Ahh yes, Tumblr. Fun to look at, and everybody plays nice. However, creating a community where bloggers mind their manners didn’t happen without understanding a key component of why people blog to begin with–to share.
CEO David Karp recently sounded off about the reason for the platform’s success:
In the case of Tumblr, that sense of design extended not only to the platform itself but to the structure of the community as well. Karp explained that Tumblr deliberately chose “reblogging” as an alternative to commenting because, at a certain scale, internet forums degenerate into a “horrible world of internet anonymousness and awfulness.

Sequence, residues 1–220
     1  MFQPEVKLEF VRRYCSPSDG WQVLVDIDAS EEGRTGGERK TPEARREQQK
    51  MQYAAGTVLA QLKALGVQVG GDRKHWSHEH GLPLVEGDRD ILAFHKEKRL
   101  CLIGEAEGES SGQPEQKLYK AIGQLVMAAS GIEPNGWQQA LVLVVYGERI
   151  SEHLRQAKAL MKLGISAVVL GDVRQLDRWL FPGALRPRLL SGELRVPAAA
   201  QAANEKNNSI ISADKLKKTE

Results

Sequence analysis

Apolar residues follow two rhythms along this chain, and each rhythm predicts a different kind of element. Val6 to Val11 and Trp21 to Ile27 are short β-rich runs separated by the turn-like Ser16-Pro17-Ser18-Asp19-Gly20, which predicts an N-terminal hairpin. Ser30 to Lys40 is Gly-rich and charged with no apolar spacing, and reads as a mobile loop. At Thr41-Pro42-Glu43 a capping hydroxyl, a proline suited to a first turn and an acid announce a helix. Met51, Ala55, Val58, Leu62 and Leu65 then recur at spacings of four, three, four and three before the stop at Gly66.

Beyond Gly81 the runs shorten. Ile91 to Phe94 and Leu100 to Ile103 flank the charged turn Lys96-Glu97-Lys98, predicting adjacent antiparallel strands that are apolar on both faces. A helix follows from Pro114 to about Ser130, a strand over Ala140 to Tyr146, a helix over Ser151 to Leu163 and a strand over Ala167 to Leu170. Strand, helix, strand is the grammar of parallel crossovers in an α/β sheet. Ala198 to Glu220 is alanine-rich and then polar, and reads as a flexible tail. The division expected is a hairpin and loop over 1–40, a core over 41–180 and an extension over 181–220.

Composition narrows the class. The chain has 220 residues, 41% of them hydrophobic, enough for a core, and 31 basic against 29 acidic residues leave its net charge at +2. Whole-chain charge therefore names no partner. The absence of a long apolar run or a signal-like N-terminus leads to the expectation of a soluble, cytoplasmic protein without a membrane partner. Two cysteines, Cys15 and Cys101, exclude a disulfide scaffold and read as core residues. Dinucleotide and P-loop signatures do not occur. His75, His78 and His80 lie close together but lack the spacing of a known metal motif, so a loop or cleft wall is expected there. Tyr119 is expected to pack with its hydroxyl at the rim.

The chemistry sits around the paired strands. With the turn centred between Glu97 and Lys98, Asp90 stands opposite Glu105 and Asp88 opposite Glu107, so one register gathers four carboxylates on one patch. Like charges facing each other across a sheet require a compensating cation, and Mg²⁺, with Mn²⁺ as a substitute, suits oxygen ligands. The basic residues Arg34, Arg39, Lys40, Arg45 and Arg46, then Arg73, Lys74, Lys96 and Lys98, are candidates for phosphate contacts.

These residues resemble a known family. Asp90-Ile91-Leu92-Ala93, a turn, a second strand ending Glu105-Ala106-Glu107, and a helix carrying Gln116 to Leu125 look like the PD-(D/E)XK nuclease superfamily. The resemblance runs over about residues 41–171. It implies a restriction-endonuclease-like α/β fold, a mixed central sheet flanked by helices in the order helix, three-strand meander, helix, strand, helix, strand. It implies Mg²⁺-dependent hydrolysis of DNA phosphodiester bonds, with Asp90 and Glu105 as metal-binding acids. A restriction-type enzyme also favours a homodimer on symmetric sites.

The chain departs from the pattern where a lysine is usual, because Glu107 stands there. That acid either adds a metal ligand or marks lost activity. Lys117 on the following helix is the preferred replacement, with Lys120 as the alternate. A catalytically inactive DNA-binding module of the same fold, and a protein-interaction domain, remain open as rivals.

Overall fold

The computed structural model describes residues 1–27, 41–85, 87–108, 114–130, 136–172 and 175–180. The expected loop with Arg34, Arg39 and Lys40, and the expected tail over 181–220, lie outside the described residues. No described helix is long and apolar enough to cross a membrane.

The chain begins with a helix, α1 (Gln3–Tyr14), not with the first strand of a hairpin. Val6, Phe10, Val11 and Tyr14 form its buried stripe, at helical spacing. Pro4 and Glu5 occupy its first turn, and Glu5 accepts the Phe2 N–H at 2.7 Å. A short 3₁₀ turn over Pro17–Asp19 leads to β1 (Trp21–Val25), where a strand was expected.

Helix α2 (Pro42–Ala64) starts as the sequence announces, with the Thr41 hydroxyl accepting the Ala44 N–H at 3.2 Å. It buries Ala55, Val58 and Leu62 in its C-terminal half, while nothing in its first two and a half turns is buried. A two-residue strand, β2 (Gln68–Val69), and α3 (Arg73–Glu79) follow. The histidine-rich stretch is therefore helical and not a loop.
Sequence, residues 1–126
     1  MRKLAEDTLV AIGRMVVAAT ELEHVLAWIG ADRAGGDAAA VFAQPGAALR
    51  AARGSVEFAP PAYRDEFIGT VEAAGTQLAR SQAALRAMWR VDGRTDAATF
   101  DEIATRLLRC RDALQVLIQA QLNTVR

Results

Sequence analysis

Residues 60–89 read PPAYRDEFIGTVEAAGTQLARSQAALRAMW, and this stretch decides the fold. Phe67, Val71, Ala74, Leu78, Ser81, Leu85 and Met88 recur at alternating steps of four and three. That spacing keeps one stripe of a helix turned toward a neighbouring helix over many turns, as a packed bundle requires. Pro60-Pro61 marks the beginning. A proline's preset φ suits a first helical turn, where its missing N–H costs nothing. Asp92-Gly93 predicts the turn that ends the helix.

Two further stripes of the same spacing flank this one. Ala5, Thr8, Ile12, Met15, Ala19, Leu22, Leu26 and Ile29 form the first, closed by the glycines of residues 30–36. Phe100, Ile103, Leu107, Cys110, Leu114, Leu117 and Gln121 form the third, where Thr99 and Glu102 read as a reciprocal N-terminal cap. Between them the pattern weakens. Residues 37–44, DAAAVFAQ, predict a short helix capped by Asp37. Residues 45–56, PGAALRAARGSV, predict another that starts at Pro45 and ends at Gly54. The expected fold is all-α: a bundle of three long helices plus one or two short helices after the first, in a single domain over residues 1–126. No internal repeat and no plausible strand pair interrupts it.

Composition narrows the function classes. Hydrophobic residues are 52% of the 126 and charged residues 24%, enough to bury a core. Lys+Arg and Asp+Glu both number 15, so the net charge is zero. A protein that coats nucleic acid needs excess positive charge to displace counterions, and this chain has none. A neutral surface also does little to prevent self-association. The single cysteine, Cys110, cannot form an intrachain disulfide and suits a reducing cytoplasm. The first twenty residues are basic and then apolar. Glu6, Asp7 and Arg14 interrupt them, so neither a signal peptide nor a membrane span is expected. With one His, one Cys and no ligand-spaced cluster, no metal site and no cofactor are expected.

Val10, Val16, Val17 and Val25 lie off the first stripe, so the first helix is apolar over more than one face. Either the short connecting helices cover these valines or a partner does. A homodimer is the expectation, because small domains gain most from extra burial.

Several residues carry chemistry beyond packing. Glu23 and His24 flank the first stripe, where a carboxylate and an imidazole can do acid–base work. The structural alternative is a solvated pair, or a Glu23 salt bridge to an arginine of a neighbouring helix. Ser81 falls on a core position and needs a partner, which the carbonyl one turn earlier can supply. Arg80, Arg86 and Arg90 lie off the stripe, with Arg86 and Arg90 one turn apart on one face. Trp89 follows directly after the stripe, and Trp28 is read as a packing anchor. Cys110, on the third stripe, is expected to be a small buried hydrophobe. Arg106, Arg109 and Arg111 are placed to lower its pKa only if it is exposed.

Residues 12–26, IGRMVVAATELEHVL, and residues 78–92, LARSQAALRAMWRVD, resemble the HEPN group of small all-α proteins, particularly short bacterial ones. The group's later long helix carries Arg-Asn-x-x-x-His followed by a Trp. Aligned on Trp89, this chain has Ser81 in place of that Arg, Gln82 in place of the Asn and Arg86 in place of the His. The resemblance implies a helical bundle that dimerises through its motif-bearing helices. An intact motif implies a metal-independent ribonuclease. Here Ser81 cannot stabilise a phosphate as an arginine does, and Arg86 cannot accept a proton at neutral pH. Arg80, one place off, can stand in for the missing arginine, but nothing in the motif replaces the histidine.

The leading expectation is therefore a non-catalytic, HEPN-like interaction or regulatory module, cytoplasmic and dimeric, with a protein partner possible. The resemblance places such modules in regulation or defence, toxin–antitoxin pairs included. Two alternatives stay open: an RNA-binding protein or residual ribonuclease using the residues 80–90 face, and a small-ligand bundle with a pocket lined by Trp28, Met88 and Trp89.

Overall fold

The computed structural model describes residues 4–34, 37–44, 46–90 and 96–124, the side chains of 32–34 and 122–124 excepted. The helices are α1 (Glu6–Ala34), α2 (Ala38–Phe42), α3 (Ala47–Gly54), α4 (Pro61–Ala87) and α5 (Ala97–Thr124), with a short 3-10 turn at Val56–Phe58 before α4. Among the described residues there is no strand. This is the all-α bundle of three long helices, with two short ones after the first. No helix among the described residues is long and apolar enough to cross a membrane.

He added that comments are “a second class feature” because a commentator is subsumed to a tiny text stream below the main piece of content. To foster engagement, Tumblr is instead choosing options like “Fan mail” which aspire to create more careful, thoughtful and elegant interactions.
The ultimate result, said Karp, is an eco-system in which creators love curators who share their work and curators who love the creators who help them build a sense of identity.
He’s got the right idea.